Later on that evening, at another fully-Finnish dinner complete with short, Scandinavian glasses filled with milk, I explained what had happened to my parents. I clearly didn’t think things through for upon hearing this news, they proceeded to carry on about the importance of keeping things simple for what felt like (to my 10 year old ears) an eternity. My ears only perked up when they praised me for not resisting their decision months earlier to not purchase the envied supplies.

Looking at my daughter now studying for her Science test on Ecosystems, I value the simplicity our life here in Africa gives us. She sometimes bucks the system and wishes for McDonald’s© fries and going to Claire’s© to buy tween jewelry, but she generally goes with the flow.

Thanks, Äiti and Isä (Mom and Dad) for keeping it simple. In today’s life of quarantines and closed airports, it has meant more to me than I could have ever known.

I didn’t need the pens or folders anyway.

P.S. – Andreya got a 100% on her Science test.

Categories
Despair Dreams God's call Kingdom Misfit Missionary

A Foreigner

I’ve been a missionary practically all of my adult life. I came to the field when I was in my early 20s and have been here for 32 years. So, I think it would be safe to say that I’m in this thing for the long haul. When I think about what else I could be doing with my life, I’m stumped, for I don’t know where else I could possibly go or what else I could possibly do! Where else would I, the misfit, fit? What other niche could I hope to fill elsewhere?

By no means has life here been a cakewalk, we’ve had our challenges just like everyone else all over the world. What has helped me keep steady on this course is knowing that everyone all over the world faces their own unique set of challenges. There’s no escaping the ups and downs of life; running away when things get tough won’t ensure easier passage to the next stage. Running away might bring you from the frying pan into the fire.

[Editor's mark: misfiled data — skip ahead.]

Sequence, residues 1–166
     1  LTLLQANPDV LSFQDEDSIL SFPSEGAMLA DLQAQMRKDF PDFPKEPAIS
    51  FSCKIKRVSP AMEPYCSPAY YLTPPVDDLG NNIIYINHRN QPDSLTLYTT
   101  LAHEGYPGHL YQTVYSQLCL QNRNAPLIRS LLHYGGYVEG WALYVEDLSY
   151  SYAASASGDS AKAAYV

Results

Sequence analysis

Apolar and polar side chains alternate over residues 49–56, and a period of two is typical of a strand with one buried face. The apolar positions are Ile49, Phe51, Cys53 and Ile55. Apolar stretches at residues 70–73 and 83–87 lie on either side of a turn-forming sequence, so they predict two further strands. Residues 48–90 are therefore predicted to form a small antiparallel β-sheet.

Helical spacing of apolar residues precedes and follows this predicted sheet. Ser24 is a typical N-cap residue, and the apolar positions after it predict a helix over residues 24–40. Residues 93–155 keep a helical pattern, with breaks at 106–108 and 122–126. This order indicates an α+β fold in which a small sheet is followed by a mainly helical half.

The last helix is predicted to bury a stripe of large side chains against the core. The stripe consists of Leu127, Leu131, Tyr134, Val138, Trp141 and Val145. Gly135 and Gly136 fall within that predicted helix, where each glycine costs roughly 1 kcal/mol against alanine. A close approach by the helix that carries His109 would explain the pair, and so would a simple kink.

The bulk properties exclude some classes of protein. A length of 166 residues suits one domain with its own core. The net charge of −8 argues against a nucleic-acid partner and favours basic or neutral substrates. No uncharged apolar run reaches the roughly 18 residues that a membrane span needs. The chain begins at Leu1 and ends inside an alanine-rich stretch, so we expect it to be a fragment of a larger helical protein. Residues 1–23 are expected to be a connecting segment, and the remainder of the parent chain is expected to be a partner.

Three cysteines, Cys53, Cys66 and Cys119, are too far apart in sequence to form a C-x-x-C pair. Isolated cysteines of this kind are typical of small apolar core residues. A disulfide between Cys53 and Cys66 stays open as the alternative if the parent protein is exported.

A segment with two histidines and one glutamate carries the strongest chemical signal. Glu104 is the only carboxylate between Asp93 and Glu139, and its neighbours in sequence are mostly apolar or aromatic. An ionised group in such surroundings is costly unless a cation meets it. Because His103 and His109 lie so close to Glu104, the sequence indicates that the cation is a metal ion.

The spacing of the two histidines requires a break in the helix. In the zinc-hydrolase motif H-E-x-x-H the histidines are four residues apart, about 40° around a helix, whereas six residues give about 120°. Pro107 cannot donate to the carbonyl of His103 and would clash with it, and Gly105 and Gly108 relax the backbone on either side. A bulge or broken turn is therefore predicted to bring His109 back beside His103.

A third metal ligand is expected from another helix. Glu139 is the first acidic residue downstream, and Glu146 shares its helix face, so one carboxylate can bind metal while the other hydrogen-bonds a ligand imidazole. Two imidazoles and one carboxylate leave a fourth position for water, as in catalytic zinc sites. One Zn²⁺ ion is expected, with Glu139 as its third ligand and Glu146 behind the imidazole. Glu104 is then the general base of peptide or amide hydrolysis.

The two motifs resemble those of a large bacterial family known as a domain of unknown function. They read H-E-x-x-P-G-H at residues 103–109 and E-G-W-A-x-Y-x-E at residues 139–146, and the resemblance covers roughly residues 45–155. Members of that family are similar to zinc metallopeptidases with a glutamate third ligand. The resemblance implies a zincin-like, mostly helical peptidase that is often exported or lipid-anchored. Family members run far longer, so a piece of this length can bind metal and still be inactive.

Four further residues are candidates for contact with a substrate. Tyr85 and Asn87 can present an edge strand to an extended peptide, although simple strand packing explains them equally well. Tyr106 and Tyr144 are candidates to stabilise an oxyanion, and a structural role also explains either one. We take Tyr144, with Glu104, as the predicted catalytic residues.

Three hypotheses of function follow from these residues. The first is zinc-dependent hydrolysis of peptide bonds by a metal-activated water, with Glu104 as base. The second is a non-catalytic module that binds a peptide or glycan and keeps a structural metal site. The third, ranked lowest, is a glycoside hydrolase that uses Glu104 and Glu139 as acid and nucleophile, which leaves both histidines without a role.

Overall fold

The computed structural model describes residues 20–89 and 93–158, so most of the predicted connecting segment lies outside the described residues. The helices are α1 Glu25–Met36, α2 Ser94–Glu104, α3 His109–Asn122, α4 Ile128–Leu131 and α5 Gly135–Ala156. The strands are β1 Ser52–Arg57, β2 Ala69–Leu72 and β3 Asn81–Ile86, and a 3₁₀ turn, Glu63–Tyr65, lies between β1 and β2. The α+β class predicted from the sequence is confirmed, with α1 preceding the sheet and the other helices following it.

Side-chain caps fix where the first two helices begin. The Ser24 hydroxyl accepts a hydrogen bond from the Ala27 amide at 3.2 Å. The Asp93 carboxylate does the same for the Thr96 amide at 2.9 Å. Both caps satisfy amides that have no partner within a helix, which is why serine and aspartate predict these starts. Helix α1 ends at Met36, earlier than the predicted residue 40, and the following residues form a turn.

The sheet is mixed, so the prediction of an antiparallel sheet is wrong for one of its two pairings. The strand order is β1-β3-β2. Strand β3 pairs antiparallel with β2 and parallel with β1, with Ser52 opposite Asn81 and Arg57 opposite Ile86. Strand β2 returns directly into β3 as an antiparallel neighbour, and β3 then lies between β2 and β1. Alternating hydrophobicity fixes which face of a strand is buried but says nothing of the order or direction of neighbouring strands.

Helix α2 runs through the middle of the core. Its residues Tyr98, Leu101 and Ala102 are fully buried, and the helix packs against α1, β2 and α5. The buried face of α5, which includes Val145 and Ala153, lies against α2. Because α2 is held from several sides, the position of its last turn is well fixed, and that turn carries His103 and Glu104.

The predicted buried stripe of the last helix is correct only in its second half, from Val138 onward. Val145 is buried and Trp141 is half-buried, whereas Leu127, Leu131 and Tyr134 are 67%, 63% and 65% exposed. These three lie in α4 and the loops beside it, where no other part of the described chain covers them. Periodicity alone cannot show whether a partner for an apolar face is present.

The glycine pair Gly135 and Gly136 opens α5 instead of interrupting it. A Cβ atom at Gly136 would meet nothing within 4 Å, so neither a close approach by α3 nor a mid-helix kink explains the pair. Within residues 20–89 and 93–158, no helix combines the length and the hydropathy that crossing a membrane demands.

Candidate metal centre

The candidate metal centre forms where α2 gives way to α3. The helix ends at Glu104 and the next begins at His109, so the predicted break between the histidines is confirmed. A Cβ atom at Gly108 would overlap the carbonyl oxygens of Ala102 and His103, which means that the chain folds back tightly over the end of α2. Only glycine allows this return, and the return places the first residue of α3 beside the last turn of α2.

What causes us to run? To give up? To look for greener pastures? Wasn’t what we’re struggling with today a dream we had once upon a time?

The children we hoped and prayed for fall off the rails.

The dream job no longer holds the promise we thought it had.

The brand-new house holds, instead of joyful moments, stress-filled evenings of budgeting, painstaking work, and brainstorming of ways to pay all of the bills.

Or, in our case, the mission you dreamed of puts you in intractable situations day in and day out – making you wonder how you will ever make a difference.

Disappointment, dejection, and misunderstanding can lay such heavy burdens on our shoulders that we ultimately decide to throw away the dream to escape the load. We didn’t get out of “it” what we put in, and that stings. No one notices, no one seems to care, so why should we?

Perhaps the mistake we’ve often made isn’t found in what we are doing, but in our motivations. If we work with the thought that we “deserve” to be treated in a certain way or “should” be recognized for all of our efforts, we are sure to be disappointed. In this world’s system, for example, it’s expected for one to be rewarded in the here and now. When someone retires from a long-term job, a pension is offered, parties are thrown, and there’s usually some kind of gift presented to the retiree.